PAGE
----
Let's talk about how the City of LA is the only place in California actually planning to do something about the housing crisis.

Right now, every city in California has to produce a rezoning plan to meet a quota of new homes, called a Housing Element.* Overall, if things were done in good faith you want to dramatically increase housing production: 1.3 million or so in greater LA over the next eight years. If you don't put together a good faith zoning plan, the State will bring the hammer down on you and void your local zoning until you get your shit together, as I've written in this space previously.

Now that we've seen a lot of them, most of these rezoning plans are made up of obvious nonsense. El Segundo thinks that churches and the school board will build all their affordable housing for them (no mention where the money is going to come from); South Pasadena says they'll replace City Hall with an apartment building; Redondo Beach wants to evict its largest employer. Santa Monica and Pasadena have decided that redlining is good, actually. (Redlining: "let's put all the new apartments in the historically black and Hispanic neighborhoods.")** (For a deeper dive, click here.) The City of LA is the only place that has its shit together.

OK, I'll bite. Why is LA's rezoning plan good and the others are all shit?

It's because LA actually does the math.

Cities are required by law to calculate the "realistic capacity" to accommodate new housing when writing a rezoning plan. (Law nerds: it's Gov’t Code 65583.2(g)(2).) In plain English, realistic capacity is easy to understand: (1) not every lot in the rezoning plan will get replaced with new housing, and (2), if they build new housing, they probably won't build out to the legal maximum.

This is a pretty sensible thing if you think about it. Nobody's going to tear down the Saban Theatre to build affordable housing, even if it's technically legal. And most of the time, real estate developers don't build the legal maximum number of units on a piece of land. These townhouses on Wilshire are an extreme  example: the legal maximum under the zoning here is 38 homes, but it was most profitable to build 7 really, really nice townhouses instead. Same for these townhouses in El Segundo. The legal max capacity was 304, but in the end the developers only built 58 new homes. See what I mean?

LA does this calculation, and none of the other cities do.

Wait, what? The other cities don't actually do the math?

Yeah, you heard me. The bad actors in this play (that is, every other local government in greater LA) just assume that most homes which are legal on paper will get built. Long story short, bad local governments fudge the math.

It's not actually hard to do this calculation. Cities know the legal zoned capacity of all their land and they just have to check it against recent building permits. (Hell, I managed to do the math, and I'm just a guy with a laptop.) Problem is, most city rezoning plans don't even bother to do this, and they just make things up. So, for example, El Segundo claims that they'll build 492 new homes by zoning for 665 more units. At first glance this sounds reasonable, but it has no relationship with the evidence.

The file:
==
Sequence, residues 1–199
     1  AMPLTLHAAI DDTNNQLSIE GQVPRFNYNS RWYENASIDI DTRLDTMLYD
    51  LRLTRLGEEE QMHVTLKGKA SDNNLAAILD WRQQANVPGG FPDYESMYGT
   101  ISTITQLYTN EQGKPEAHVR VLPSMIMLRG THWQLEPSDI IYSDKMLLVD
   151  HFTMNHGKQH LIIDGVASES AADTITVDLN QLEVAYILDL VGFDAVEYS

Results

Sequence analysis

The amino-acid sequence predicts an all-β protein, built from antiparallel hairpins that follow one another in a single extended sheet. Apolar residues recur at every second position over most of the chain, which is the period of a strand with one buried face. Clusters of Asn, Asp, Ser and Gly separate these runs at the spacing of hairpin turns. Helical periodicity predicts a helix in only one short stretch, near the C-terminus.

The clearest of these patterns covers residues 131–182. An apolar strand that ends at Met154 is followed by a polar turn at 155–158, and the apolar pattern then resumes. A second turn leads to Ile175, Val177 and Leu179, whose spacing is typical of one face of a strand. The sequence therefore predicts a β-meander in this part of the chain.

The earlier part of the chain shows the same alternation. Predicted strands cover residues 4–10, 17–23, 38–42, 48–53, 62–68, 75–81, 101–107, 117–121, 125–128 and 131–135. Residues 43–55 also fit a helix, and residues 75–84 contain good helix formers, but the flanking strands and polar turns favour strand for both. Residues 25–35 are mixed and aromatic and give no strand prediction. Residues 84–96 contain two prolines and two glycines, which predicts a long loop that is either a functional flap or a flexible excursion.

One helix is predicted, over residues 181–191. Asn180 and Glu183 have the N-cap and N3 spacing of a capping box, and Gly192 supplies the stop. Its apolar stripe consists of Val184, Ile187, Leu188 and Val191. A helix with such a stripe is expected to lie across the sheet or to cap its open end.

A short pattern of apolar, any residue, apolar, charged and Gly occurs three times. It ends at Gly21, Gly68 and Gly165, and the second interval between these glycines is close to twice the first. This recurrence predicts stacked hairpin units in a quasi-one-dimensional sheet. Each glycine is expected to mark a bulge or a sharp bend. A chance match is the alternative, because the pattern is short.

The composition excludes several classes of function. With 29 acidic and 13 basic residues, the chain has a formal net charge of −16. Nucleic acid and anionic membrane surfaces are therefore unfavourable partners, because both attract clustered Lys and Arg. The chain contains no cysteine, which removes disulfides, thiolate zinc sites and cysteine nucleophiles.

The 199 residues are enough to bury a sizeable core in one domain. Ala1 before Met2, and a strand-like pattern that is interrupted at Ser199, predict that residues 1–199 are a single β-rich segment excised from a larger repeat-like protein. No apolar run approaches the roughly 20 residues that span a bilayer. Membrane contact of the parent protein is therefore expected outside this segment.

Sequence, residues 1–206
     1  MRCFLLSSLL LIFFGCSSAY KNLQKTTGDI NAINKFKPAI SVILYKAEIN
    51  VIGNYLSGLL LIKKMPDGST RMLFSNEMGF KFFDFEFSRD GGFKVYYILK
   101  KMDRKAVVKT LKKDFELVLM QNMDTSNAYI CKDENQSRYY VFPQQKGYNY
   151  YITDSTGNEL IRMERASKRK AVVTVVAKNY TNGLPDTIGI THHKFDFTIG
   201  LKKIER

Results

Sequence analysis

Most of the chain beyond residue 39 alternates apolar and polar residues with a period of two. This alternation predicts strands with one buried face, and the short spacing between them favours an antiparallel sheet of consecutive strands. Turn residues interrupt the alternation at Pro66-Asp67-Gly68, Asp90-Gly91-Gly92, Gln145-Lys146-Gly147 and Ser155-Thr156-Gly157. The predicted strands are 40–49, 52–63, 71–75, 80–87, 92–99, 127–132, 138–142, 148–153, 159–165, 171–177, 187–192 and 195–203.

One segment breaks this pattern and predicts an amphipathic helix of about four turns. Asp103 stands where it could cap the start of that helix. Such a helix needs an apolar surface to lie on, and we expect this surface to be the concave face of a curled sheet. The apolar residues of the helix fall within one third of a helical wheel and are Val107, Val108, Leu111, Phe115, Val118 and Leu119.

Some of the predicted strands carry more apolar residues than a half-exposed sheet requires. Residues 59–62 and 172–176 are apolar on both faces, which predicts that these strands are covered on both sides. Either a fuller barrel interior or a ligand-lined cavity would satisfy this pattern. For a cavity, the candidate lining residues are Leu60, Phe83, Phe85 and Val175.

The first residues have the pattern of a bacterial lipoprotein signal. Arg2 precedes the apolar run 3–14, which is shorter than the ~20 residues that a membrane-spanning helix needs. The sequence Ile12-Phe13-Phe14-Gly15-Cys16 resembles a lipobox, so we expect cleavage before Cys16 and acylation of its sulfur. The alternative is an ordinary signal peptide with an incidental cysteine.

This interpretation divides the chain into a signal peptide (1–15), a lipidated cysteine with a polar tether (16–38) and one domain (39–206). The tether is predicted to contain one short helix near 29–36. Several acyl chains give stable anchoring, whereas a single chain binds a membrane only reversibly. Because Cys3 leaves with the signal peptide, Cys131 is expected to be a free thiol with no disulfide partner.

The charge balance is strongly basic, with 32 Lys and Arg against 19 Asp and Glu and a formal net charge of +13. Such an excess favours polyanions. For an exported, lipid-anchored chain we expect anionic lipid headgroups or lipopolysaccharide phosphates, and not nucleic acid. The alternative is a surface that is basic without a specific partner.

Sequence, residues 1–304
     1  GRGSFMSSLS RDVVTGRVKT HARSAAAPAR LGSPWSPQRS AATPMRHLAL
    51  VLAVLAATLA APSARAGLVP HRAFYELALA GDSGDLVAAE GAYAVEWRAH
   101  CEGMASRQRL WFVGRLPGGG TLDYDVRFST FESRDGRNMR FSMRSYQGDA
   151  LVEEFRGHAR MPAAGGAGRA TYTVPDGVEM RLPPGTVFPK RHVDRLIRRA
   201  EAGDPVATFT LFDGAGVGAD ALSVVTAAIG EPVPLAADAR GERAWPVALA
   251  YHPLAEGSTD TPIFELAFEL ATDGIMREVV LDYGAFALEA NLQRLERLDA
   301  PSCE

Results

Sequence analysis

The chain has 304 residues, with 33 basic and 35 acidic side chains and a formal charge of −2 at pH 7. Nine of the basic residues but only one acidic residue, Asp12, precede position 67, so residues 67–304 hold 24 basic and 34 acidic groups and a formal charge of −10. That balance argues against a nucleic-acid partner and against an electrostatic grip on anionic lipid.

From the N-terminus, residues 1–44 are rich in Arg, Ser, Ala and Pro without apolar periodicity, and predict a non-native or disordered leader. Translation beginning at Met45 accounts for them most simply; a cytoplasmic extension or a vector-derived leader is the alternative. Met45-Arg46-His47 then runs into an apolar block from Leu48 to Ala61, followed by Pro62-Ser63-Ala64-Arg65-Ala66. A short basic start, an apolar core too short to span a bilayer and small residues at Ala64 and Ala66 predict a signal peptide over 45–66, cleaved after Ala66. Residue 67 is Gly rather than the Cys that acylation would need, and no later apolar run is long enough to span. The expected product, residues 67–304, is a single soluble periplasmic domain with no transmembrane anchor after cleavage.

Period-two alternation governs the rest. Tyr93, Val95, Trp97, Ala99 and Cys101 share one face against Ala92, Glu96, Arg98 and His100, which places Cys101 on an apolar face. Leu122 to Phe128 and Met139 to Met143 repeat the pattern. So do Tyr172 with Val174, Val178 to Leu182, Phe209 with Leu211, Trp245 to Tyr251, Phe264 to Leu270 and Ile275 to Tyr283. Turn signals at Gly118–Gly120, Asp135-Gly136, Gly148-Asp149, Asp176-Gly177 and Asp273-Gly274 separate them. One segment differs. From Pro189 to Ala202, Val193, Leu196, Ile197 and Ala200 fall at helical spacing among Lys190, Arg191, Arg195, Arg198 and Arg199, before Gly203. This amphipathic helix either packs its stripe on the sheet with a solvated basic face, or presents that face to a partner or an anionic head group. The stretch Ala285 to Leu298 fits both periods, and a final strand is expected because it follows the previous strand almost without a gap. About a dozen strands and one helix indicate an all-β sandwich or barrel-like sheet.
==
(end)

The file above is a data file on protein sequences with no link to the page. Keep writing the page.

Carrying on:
El Segundo's assuming that 66% of their new zoned capacity will get used. Thing is, during the last eight years, only 7% of the zoned capacity got built. They're planning to zone for almost 10 times less housing than they actually should. Worse, most of the cities in Los Angeles County are doing the exact same thing.

City Claimed capacity usage Historical capacity usage How much they actually should zone for
El Segundo 66% 7% 9.5x
Burbank 80% 12% 6.7x
Pasadena 90% 40% 2.25x
Santa Monica 86% 33% 2.6x
Whittier 50% 25% 2x


So, let's put this into real numbers. El Segundo says that zoning for 665 units will get them 492 new homes. Using the actual historical data, zoning for 665 would get you exactly 47 new homes. El Segundo, and practically every other city in LA County, is planning to miss their target by a huge amount - so precious little new housing will get built, and the crisis will keep getting worse.

OK, so what did LA do differently?

When LA City actually did the math for their rezoning plan, they came to the conclusion that maybe 3.5% of capacity will get used in the next eight years. Or, in real terms, to meet LA's quota of 455,000 new homes over the next eight years, the City of LA needs to zone for 13 million new homes. No, that's not a typo.

Wait, what? 13 million new homes of capacity? That sounds insane. 

It's not. Before things went to hell in California, cities routinely had massive amounts of extra zoned capacity, so cities could grow and not have these kinds of housing crises. The City of LA had a population of 2.5 million in 1960 - and a zoned capacity of 10 million. That's the kind of aggressive thinking you need to make California livable again. But at the rate we're going, LA City is the only place which isn't asking for the state to bring the hammer down on it. After all, the State brought the hammer down on San Diego and voided their local zoning until they can get their shit together. And San Diego was doing the exact same things that El Segundo, Burbank, Pasadena and so on did too.

Every city in California has the opportunity, right now, to actually fix its housing crisis and build more homes. Trouble is, only the city of Los Angeles is trying.

* The technical term is the Housing Element for the 6th Cycle Regional Housing Needs Allocation, but I hate using bureaucratic jargon.

** The canonical book on this is Rothstein's The Color of Law. If you want to see the actual maps, click here.

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